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In Romeo and Juliet, describe Juliet's reaction to the Nurse when she says "shame to...

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geckojb | (Level 1) eNoter

Posted December 6, 2011 at 8:55 AM via web

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In Romeo and Juliet, describe Juliet's reaction to the Nurse when she says "shame to Romeo!" in scene ii.

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cldbentley | High School Teacher | (Level 3) Associate Educator

Posted December 8, 2011 at 12:03 AM (Answer #1)

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At the beginning of Act III Scene, Juliet is anxiously awaiting the Nurse's return with news from Romeo.  Juliet, who has just married Romeo in secret, is shocked when her Nurse comes in and gives her the impression that Romeo has been killed.  The Nurse, who is in hysterics, finally says enough that Juliet is able to understand that it is not Romeo who has been murdered; she learns that her cousin, Tybalt, has been killed by Romeo.

When the Nurse begins to berate Romeo (of course, he is not present), Juliet becomes angry.  Although she had also been angry with Romeo, her Nurse's harsh words about him cause Juliet to change her stance.  She quicklyl reprimands her Nurse for speaking badly about Romeo and defends him.

Blistered be thy tongue

For such a wish!  He was not born to shame.

Upon his brow shame is ashamed to sit;

For 'tis a throne where honor may be crowned

Sole monarch of the universal earth.

O, what a beast was I to chide him!

Juliet goes on to remind her nurse that Tybalt would have killed Romeo if Romeo had not killed him. 

Although Juliet is heartbroken that her dear cousin has been killed, she is more upset that Romeo has been banished.  Juliet will not allow the Nurse to speak badly about him. 

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accessteacher | High School Teacher | (Level 3) Distinguished Educator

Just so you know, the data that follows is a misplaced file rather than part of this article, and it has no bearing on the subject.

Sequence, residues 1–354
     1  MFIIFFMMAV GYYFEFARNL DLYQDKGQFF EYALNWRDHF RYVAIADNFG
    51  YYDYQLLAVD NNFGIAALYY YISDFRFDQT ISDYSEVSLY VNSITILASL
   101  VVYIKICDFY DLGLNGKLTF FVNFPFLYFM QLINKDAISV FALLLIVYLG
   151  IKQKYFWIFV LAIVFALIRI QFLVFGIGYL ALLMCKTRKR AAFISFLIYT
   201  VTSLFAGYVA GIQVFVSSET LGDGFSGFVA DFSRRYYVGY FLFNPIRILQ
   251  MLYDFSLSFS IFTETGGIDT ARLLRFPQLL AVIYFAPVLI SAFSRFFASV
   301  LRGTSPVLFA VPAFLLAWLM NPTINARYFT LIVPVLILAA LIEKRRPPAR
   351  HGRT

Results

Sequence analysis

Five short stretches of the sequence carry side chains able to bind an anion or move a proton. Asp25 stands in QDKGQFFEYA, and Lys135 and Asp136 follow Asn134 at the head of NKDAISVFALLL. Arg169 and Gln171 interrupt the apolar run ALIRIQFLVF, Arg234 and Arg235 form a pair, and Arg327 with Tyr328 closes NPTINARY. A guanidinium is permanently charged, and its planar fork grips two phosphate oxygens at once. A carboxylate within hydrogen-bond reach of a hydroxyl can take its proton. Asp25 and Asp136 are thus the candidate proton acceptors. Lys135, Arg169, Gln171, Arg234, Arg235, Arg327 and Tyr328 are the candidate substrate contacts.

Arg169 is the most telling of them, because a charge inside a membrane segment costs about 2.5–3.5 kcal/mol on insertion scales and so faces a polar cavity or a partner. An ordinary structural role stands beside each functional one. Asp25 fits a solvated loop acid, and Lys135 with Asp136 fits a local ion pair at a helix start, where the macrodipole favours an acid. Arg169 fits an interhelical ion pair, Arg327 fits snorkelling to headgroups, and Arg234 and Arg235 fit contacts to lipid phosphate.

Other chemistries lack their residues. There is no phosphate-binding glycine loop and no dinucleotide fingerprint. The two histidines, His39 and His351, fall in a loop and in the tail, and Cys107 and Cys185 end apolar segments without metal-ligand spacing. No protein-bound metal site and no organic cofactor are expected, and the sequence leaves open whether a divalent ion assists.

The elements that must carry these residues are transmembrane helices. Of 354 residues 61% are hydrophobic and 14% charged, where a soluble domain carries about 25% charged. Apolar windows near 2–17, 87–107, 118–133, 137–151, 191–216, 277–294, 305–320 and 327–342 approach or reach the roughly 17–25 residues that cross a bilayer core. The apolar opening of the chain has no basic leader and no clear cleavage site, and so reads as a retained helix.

Posted December 29, 2011 at 8:31 PM (Answer #2)

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Let us remember what happens in Act III scene 2 in terms of the context of this remark. Juliet is anxiously waiting for news of her husband (for Romeo and Juliet have married at this stage in secret) from the Nurse. When she comes back, clearly in a fluster, it is very uncertain what precisely has happened. When Juliet finally establishes that Tybalt, her cousin, has been killed at the hand of Romeo, her husband, she is obviously very upset and grieves the death of her cousin. However, her grief will not permit her to hear anything bad about her husband. When the Nurse tries to cast shame on Romeo, note how the Juliet quickly responds:

Blistered be thy tongue

For such a wish!  He was not born to shame.

Upon his brow shame is ashamed to sit;

For 'tis a throne where honor may be crowned

Sole monarch of the universal earth.

O, what a beast was I to chide at him!

Her identity as Romeo's wife clearly takes precedence in terms of loyalty compared to her identity as Tybalt's cousin. In addition, as she reminds the Nurse, she is in a no-win situation, as Tybalt would have killed Romeo if Romeo had not killed Tybalt first. Juliet therefore responds with great anger at the Nurse's attempts to sully the name of her husband.

 

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